Like a Senate confirmation hearing, an HOA hearing is not a judicial process. It’s merely a committee of local leaders basing their judgments on limited evidence, but ample — and often biased — personal opinion.
And ADR is, in fact, an internal process that is meant to avoid a trial! When the parties to a dispute have unequal rights and status — as is the case with HOA disputes — the weaker party is at a distinct disadvantage due to the lack of a structured procedure to ensure due process.
Can anyone convincingly argue that the HOA hearing is a suitable substitute for a trial, or even the equivalent of small claims or Magistrate court?
Consider that, using HOA internal hearings and dispute resolution, the following due process requirements are not met:
- There is little assurance that the decision makers at the HOA hearing are unbiased.
- The owner may receive little or no advance notice of the hearing, and no opportunity to schedule a mutually convenient time and place.
- The HOA may not provide ample evidence of the alleged violation or assessment delinquency. In most cases, the HOA is not legally obliged to do so.
- The owner usually has no right to cross-examine witnesses that allege a violation. In almost all cases, the HOA takes a complaint from another owner or resident, and often protects the anonymity of the person who filed the complaint.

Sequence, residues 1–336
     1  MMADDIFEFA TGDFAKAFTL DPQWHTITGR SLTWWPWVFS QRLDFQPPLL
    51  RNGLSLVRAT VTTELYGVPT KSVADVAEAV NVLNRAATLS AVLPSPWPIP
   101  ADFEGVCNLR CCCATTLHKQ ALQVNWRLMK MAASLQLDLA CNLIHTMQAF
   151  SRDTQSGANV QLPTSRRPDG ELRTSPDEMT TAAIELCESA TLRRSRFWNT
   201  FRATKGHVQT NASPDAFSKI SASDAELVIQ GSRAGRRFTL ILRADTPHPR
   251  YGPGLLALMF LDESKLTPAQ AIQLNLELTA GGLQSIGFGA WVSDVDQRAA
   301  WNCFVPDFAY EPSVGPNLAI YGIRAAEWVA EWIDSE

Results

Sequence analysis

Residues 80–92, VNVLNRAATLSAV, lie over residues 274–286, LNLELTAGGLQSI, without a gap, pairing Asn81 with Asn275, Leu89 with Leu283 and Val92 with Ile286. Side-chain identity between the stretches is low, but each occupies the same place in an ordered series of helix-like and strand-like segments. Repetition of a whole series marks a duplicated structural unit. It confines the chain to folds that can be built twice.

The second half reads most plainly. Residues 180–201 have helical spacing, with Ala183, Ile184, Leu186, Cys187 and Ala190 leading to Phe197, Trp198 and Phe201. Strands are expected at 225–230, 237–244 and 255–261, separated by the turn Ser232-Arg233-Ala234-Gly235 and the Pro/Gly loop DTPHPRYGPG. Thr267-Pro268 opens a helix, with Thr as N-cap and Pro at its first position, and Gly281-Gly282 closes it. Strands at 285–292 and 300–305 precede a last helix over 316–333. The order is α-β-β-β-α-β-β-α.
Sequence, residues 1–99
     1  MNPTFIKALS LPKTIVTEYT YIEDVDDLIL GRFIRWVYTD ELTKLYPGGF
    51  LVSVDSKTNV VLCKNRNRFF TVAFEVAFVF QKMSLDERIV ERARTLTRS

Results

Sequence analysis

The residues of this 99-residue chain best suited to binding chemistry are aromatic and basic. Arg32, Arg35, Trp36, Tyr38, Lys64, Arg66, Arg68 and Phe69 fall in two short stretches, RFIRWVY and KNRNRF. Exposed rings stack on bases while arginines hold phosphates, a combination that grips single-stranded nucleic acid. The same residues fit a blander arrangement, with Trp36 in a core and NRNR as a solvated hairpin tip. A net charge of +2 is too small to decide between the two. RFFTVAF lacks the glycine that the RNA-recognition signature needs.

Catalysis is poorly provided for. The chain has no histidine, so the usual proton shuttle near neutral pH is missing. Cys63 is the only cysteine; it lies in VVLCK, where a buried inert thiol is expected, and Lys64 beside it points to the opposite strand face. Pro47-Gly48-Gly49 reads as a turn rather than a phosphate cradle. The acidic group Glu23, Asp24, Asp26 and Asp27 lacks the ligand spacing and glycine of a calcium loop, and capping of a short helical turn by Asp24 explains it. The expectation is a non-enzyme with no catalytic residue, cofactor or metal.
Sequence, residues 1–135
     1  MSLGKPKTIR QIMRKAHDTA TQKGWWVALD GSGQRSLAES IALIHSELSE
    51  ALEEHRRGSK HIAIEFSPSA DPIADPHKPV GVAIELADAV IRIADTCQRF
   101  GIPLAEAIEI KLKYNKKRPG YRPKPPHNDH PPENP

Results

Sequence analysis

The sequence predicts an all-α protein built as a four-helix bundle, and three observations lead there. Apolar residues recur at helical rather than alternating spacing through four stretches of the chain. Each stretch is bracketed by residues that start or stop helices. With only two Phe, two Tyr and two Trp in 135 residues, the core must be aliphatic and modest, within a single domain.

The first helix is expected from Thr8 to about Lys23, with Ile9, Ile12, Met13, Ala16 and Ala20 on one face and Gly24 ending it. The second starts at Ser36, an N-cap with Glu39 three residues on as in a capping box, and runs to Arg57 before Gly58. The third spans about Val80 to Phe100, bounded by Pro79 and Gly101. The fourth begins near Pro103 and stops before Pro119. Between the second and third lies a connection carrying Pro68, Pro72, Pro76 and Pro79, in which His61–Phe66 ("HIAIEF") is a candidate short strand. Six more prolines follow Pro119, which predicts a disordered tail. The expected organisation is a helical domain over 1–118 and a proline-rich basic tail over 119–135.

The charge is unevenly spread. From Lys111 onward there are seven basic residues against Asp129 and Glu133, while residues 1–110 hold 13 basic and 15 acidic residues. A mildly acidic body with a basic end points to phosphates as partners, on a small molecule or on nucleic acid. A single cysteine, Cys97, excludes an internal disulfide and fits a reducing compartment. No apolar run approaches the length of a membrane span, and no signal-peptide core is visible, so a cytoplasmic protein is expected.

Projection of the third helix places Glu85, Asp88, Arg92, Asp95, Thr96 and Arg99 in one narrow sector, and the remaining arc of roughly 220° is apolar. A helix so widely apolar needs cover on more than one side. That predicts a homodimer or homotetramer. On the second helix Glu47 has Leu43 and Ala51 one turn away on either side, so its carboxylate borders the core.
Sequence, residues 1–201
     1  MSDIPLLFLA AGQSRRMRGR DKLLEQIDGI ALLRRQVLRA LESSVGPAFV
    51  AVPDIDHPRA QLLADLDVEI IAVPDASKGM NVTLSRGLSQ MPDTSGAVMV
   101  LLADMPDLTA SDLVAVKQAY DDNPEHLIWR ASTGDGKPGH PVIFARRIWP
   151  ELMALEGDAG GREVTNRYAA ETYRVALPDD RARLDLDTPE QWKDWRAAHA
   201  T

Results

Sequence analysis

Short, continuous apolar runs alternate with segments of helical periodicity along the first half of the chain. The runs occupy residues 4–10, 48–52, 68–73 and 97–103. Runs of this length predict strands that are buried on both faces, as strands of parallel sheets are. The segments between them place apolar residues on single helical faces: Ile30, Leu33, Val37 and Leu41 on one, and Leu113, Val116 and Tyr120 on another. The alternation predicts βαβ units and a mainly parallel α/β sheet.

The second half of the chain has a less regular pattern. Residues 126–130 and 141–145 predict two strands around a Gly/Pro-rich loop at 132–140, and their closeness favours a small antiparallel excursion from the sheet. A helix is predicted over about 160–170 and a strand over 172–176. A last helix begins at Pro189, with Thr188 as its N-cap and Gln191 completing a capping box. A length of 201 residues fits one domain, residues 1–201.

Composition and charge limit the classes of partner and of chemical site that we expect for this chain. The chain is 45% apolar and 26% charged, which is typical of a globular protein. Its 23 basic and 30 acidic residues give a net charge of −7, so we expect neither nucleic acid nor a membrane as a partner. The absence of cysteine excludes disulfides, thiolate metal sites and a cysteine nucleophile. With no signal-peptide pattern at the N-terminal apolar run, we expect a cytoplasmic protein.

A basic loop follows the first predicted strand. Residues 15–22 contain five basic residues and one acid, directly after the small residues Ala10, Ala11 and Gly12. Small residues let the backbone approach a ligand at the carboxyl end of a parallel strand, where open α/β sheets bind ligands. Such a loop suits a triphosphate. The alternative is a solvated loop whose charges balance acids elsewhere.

- The owner has no right to call witnesses as part of defense.
The owner probably does have the right to be represented by counsel, but usually only with advance notice to the board.
As for ADR, depending upon the rules of engagement, an association member’s right to confront and present evidence and witnesses will also be limited. But the most serious obstacle to due process in ADR is whether or not the homeowner has access to a fair and impartial mediator or arbitrator. A second obstacle is that the mediator or arbitrator is not bound by rule of law or legal precedent. A third obstacle is that there is often no right to appeal a decision, and if binding Arbitration is chosen, no right to go to trial on the same issues.
Restrictive Covenants and governing documents in association-governed communities are notorious for the number of vague laws contained within. Board enacted rules are even more likely to be vague, and therefore misinterpreted by homeowners. Yet, within the typical HOA hearing process, there is often no protection for association members against these vague provisions. Selective enforcement of rules is a common complaint in HOAs, and some owners spend years in litigation with their HOA fighting these battles.
And, because association-governed communities are private organizations (usually corporations), there is no inherent guarantee of that the Bill of Rights of the U.S. Constitution is incorporated into a homeowners, condominium, or cooperative association.
The good news
An Illinois Appellate Court has ruled that owners and residents are, in fact, entitled to First Amendment and due process rights, but first the association member must spend a fortune in legal fees either asserting or defending those rights.
For readers interested in further reading, here are some additional due process references:
References about ADR:
Traditional Litigation versus Alternative Dispute Resolution (in collection cases)
Arbitration Pros and Cons